Mike Lord spoke with CUbroadcast about his new position, leadership, Jim Blaine, and the state of the industry today.

Lord says, “My job will be to provide the systems and tools to our staff, and to make sure they understand the culture and philosophy of our credit union and don’t lose sight of that, and that it remains intact.”

Lord knows he has big shoes to fill, not just in his own shop but across the movement. “Jim’s been the soul of our credit union in making sure the culture is there to keep the focus on our members and addressing and meeting their needs,” the new CEO says. “But he’s also an industry leader who pokes and prods and directs attention, often to some — as Mr. Al Gore might say — inconvenient truths.

“He’s been the conscience of our industry in keeping going those conversations on critical matters that we need to talk about, such as the products and services we offer and the regulatory arena and the future of credit unions.”

Lord is 64 and says he’s committed to staying on the job for five years, “maybe longer, if they don’t fire me.”

And what does the 66-year-old Blaine plan to do now? “Absolutely what I want to,” he says.


Scroll through the timeline below to see SECU milestones and read more about the succession of Jim Blaine.

Part V: Searching Within Extends To The Board

SECU's board chair says self-examination across the enterprise, including the board, led to the ideal candidate to be the new CEO. And outside help helped.

Hiring an outside consultant to help the nation’s second-largest credit union replace its longtime leader was an opportunity to do more than just hire his second-in-command.

The process of selecting current CFO Mike Lord to succeed Jim Blaine as president and CEO of State Employees’ Credit Union ($33.8B, Raleigh, NC) on Sept. 1 also required reflection on the role of the CEO, the management team, and the board itself, said Cynthia Jolly, board chair for the 256-branch, 2.1 million member institution.

Cynthia Jolly, Board Chair, SECU

Jolly says the North Carolina-based Matthews, Young management consultancy helped the SECU board focus on what it was looking for: the right person to lead the credit union forward while helping to preserve the culture that got it to where it is today.

“While the search firm was able to bring us examples of best practices across the industry and beyond, they also understood our culture, how we’re different in some respects, and they supported us in that part of our understanding of who we wanted to follow Jim,” Jolly says.

Those differences include a flat organization chart, a single savings account, a single credit card, one loan rate for each product regardless of relationship, no sales incentives, and 256 branches, at least one in every county of the Tarheel State.

Several locations also double as contact centers and SECU is now in the process of deploying a new system that corrals calls for service and routes them as much as possible to the member’s home branch.

As Lord says, “We try to operate like 256 small credit unions.”

A Process Of Self-Examination

Jolly says the replacement process actually began several years ago as the directors looked ahead to Blaine’s retirement and began talking about who would be next. Jolly says they knew they had a lot of internal talent to consider, since SECU tends to hire young and people tend to stay. (Blaine and Lord are both 40-plus-year employees.)

They also tend to be empowered to lead. SECU’s flat management structure includes multiple senior vice presidents who are themselves branch managers but also responsible for several others. They’re part of a large group of stakeholders in the CEO decision that Jolly and the board’s selection committee met with beginning about a year before Lord was selected.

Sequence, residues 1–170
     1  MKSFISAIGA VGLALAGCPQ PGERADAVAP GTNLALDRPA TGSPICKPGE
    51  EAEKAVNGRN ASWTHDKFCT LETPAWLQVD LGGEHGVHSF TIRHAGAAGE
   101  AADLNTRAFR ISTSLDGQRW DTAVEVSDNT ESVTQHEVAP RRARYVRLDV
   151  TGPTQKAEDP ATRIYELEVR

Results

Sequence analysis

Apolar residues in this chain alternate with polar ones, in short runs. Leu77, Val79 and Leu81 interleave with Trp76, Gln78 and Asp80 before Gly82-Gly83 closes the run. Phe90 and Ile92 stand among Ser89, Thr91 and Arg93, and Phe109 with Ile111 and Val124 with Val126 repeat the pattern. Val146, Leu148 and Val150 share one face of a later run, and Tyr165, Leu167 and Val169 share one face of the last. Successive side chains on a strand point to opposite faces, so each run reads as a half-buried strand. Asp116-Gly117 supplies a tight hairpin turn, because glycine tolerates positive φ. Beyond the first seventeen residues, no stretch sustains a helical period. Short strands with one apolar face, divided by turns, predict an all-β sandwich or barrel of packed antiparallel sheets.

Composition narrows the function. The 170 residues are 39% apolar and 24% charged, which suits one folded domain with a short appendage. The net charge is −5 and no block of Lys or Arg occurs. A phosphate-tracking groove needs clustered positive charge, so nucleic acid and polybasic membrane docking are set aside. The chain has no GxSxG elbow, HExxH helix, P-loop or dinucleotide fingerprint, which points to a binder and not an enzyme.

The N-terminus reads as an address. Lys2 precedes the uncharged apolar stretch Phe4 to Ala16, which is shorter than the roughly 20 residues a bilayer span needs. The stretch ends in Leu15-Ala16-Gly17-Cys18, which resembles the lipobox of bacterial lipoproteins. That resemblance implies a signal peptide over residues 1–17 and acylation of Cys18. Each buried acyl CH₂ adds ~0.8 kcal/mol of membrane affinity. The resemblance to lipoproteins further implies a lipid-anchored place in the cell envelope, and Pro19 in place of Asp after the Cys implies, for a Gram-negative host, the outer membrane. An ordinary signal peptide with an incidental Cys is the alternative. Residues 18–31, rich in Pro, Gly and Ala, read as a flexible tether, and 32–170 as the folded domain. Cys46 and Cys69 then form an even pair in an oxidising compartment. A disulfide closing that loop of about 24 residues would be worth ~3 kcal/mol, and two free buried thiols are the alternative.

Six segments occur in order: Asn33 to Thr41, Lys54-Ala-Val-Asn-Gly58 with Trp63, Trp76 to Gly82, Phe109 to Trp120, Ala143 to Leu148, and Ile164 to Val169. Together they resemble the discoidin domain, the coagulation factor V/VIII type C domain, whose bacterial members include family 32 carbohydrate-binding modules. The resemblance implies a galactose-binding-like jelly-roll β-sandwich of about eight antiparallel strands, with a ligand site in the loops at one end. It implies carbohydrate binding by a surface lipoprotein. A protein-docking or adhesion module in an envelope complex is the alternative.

That series of discussions focused on finding out what was really working well at the credit union, future opportunities, and looming challenges, Jolly says. “Then, about a year ago we got a little more formal about it, because we knew we were nearing the time that Jim planned to retire. That’s when we began to engage even more seriously as a board and decided to use a search firm,” says Jolly, an educational consultant who herself works in organizational development.

Jolly says Mathews, Young and its CEO, Tim O’Rourke, were a natural choice. The board knew him from prior work, including a planning retreat he had led last year, and as 2016 began the firm was formally charged with helping to identify Blaine’s successor.

“Hiring the right person for CEO may be the most important decision a credit union board will ever make,” Jolly says. “We were prepared to go outside for the right person if we had to, but we soon confirmed through this process of discovery and discussions that we had a number of very qualified people inside our own organization.”

That process of discovery also extended to the board itself. “Institutional memory and individual ability are both really important to this process,” Jolly says. “I definitely would recommend any board about to undergo this process to examine themselves, to look at how ready they are to engage in this.”

Jolly also offered these tips for a successful CEO search:

  • Begin early. “You really never know when you’re going to have to make a decision such as this, and hopefully it will be one that’s very well thought out and planned for,” Jolly says.
  • Discuss and agree on the guiding principles and parameters for the process, including the attributes sought in the right candidate. In SECU’s case, that involved extensive committee discussion.
  • Devote the time and resources to doing it right. Jolly says the search firm helped, of course, but so did a law firm that ensured the right processes were followed, including crafting a proper agreement laying out a clear picture of expectations and opportunities available to the new CEO.
  • Be prepared for the process to take more time than expected.

And last but not least, Jolly says, “Celebrate your successes when things are going well.”

 

 

 

July 18, 2016


Comments

 
 
 
  • Mike Lord was an excellent choice to replace Jim Blaine, especially given where SECU wants to go over the next few years. Congratulations Mike, as well as the Board and staff of SECU.
    Tim O'Rourke
     
     
     
  • Thanks for your observation, Tim.
    Marc Rapport